This paper reports a theoretical analysis of osmotic transients and an experimental evaluation both of rapid time resolution of lumen to bath osmosis and of bidirectional steady-state osmosis in isolated rabbit cortical collecting tubules exposed to antidiuretic hormone (ADH). For the case of a membrane in series with unstirred layers, there may be considerable differences between initial and steady-state osmotic flows (i.e., the osmotic transient phenomenon), because the solute concentrations at the interfaces between membrane and unstirred layers may vary with time. A numerical solution of the equation of continuity provided a means for computing these time-dependent values, and, accordingly, the variation of osmotic flow with time for a given set of parameters including: Pf (cm s–1), the osmotic water permeability coefficient, the bulk phase solute concentrations, the unstirred layer thickness on either side of the membrane, and the fractional areas available for volume flow in the unstirred layers. The analyses provide a quantitative frame of reference for evaluating osmotic transients observed in epithelia in series with asymmetrical unstirred layers and indicate that, for such epithelia, Pf determinations from steady-state osmotic flows may result in gross underestimates of osmotic water permeability. In earlier studies, we suggested that the discrepancy between the ADH-dependent values of Pf and PDDw (cm s–1, diffusional water permeability coefficient) was the consequence of cellular constraints to diffusion. In the present experiments, no transients were detectable 20–30 s after initiating ADH-dependent lumen to bath osmosis; and steady-state ADH-dependent osmotic flows from bath to lumen and lumen to bath were linear and symmetrical. An evaluation of these data in terms of the analytical model indicates: First, cellular constraints to diffusion in cortical collecting tubules could be rationalized in terms of a 25-fold reduction in the area of the cell layer available for water transport, possibly due in part to transcellular shunting of osmotic flow; and second, such cellular constraints resulted in relatively small, approximately 15%, underestimates of Pf.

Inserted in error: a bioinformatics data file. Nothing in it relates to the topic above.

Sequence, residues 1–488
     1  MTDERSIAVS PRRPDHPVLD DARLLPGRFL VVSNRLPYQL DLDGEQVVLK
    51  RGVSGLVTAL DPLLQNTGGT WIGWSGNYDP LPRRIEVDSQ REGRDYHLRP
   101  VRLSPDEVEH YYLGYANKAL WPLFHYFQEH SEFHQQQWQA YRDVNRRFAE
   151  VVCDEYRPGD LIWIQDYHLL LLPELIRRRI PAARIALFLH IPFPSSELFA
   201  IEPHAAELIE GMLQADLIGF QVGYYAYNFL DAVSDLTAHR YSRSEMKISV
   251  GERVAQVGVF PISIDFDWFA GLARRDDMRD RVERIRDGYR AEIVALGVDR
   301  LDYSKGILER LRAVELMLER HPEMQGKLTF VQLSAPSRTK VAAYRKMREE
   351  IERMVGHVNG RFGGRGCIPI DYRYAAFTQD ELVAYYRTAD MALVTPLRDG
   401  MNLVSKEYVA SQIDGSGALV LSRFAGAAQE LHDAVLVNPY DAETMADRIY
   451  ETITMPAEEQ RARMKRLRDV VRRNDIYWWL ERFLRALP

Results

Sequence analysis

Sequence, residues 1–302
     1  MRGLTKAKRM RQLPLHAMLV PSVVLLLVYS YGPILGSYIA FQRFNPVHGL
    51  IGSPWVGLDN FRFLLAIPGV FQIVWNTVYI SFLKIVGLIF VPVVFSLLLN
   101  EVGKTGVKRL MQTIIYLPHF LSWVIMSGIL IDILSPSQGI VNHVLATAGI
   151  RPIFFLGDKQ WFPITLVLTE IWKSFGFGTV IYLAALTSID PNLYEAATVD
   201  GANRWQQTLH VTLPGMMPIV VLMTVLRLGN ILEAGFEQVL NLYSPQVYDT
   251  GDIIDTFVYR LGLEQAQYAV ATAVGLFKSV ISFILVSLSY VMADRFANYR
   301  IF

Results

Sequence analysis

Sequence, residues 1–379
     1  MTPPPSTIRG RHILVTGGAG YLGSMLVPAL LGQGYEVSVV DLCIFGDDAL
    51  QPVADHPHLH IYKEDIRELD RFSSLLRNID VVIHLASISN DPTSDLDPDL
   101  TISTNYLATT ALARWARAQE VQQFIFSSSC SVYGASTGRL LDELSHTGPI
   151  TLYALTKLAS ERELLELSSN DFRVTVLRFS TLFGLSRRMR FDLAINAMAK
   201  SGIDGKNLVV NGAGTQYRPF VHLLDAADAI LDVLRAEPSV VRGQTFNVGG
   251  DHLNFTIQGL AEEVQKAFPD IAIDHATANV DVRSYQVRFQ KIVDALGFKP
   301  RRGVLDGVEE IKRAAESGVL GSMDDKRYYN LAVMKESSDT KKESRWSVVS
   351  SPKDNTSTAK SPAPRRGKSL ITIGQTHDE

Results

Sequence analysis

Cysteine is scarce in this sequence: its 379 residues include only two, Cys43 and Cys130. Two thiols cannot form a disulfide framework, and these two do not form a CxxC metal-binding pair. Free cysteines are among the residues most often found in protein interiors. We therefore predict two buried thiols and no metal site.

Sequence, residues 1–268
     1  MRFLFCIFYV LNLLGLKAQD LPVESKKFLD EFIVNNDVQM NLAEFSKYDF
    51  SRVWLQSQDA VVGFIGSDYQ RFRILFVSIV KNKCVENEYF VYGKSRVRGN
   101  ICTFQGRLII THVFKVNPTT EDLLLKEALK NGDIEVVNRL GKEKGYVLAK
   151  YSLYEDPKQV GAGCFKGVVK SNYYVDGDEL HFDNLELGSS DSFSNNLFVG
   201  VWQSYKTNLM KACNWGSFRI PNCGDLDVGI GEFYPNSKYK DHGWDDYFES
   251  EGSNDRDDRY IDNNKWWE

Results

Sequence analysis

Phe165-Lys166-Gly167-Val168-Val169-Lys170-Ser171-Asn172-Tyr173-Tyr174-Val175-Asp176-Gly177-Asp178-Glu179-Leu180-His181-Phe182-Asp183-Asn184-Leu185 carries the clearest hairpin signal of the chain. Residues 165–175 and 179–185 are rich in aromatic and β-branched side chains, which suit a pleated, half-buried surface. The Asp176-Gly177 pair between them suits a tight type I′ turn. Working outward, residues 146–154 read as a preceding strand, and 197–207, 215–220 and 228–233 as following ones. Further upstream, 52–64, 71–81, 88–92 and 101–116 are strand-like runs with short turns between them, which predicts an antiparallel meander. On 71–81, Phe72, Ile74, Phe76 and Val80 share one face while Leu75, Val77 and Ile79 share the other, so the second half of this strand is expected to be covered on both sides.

This content is only available as a PDF.